An elated Congresswoman, Kat Cammack, says that Mr. Johnson’s plan is precisely what the House needs with just days to go before the shutdown deadline. “The urgency is real,” the Florida representative says. “You see an exceptionally aggressive calendar leading all the way up until Thanksgiving. We are going to get our appropriations done. He’s even said he wants to get the farm bill done by December, which up until this point people had said: ‘that won’t get done until next Congress.’”

Mr. Johnson, a 51-year-old devout Baptist who hails from rural Louisiana, was elected by his Republican colleagues to the speaker’s chair in a Wednesday afternoon vote. He won the support of all 220 GOP members in attendance, while the minority leader, Congressman Hakeem Jeffries, was supported by all 209 Democrats present.

In a statement, Mr. Biden congratulated the new speaker on his election, saying he hopes the GOP House is ready to move beyond the chaos to begin good-faith negotiations on the budget.

“Jill and I congratulate Speaker Johnson on his election,” the president wrote. “As I said when this process began, whoever the Speaker is, I will seek to work with them in good faith on behalf of the American people. That’s a principle I have always held to and acted on – delivering major bipartisan legislation on infrastructure, outcompeting China, gun reform, and veterans care.”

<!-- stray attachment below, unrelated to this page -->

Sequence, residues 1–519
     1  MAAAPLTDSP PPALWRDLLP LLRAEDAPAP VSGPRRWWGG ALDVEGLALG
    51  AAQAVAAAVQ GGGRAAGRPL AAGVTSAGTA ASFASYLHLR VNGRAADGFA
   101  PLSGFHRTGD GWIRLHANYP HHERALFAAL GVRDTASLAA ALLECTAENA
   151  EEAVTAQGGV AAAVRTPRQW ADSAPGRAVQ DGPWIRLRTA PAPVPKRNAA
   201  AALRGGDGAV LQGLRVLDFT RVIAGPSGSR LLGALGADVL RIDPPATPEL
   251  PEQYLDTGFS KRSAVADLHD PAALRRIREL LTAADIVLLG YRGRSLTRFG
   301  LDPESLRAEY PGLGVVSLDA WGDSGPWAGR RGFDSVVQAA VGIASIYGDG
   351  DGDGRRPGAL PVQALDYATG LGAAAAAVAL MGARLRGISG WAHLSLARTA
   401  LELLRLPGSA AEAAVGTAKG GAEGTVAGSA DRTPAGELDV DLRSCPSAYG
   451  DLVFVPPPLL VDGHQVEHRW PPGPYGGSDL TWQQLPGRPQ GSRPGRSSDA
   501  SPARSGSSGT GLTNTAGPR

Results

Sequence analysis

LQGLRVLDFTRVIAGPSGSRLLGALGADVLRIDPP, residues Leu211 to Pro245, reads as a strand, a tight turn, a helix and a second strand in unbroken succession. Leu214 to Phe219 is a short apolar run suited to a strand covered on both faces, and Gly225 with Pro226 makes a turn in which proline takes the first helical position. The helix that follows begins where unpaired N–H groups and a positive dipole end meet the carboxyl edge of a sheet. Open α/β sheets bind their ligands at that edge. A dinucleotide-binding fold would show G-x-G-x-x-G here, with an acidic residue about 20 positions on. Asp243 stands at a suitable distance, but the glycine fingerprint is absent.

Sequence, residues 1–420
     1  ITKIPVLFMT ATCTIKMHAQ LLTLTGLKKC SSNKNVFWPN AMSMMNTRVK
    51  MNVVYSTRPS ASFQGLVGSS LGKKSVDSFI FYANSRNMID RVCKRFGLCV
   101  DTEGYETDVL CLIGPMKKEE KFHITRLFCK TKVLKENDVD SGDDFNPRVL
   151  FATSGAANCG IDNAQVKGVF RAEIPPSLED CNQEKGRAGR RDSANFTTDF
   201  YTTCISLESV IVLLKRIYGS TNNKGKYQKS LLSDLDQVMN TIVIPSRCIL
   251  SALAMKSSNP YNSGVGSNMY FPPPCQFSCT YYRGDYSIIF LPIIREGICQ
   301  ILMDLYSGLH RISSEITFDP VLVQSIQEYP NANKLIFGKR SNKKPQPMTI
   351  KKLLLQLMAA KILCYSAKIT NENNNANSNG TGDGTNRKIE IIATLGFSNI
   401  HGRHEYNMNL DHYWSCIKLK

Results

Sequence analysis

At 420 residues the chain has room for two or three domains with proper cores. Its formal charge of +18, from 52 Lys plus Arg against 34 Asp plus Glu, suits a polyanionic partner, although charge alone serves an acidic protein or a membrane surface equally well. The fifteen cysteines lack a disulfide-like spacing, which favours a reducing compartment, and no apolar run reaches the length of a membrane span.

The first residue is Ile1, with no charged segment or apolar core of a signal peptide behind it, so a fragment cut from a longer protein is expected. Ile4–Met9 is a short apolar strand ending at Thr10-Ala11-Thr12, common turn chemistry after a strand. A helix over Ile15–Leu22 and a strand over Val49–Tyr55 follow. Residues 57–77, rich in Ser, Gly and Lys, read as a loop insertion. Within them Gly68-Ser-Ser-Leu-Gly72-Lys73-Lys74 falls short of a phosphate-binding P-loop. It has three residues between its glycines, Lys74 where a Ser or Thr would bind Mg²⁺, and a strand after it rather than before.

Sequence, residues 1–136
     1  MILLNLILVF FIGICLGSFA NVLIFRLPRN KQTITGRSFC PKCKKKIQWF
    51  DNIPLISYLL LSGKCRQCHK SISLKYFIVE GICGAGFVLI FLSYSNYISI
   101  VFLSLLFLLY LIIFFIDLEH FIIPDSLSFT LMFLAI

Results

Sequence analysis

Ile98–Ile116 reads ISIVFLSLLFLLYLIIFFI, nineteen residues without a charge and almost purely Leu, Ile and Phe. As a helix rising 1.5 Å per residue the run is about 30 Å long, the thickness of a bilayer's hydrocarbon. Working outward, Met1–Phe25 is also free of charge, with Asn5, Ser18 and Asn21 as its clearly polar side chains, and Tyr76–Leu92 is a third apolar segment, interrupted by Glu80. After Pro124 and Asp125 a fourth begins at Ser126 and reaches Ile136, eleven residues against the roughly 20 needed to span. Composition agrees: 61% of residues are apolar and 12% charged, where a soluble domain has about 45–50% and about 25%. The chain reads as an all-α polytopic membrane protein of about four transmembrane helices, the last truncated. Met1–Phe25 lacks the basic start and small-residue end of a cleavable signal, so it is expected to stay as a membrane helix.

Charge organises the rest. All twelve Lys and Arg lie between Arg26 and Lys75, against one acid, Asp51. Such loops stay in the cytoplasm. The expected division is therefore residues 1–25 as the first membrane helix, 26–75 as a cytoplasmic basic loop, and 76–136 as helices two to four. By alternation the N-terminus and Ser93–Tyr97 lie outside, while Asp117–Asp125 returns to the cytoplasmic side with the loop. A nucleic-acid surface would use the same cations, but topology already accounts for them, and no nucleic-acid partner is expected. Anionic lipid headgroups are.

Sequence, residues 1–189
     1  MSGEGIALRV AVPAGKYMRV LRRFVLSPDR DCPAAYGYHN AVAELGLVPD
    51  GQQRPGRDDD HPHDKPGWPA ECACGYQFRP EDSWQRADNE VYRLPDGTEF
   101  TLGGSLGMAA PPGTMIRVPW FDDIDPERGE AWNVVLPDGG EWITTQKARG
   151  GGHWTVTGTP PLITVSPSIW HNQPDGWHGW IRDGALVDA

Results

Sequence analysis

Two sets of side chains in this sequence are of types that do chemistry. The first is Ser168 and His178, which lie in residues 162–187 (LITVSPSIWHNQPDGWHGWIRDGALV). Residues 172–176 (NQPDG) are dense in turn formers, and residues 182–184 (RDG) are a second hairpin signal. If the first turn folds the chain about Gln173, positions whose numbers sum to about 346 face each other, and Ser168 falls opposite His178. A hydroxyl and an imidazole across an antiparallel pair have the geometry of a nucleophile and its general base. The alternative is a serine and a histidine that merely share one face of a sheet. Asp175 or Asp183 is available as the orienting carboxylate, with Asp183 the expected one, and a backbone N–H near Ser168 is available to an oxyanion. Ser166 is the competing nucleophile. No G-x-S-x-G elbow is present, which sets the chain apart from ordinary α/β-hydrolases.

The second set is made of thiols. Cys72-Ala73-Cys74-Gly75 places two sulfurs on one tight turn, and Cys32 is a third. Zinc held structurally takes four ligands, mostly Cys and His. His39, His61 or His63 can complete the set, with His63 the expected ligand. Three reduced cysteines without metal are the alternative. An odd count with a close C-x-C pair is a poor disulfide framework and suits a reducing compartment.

Shortly before he was sworn in, Mr. Johnson addressed the House to say that he hopes to move forward on a bipartisan path to help heal the divisions in the House and in the country more broadly. The lone Democratic representative who hails from the Pelican State, Congressman Troy Carter, said that he hopes Mr. Johnson lives up to those promises.

“I have known the speaker for a long time,” Mr. Carter says. “I consider him a friend. … I will reach out to him on all issues because we have a relationship. I will try to be the bridge, if you will, to recognize and utilize our relationship to demonstrate that Republicans and Democrats can get along. Because we have ideologically very different views today and yesterday, it does not mean they have to be that way tomorrow.”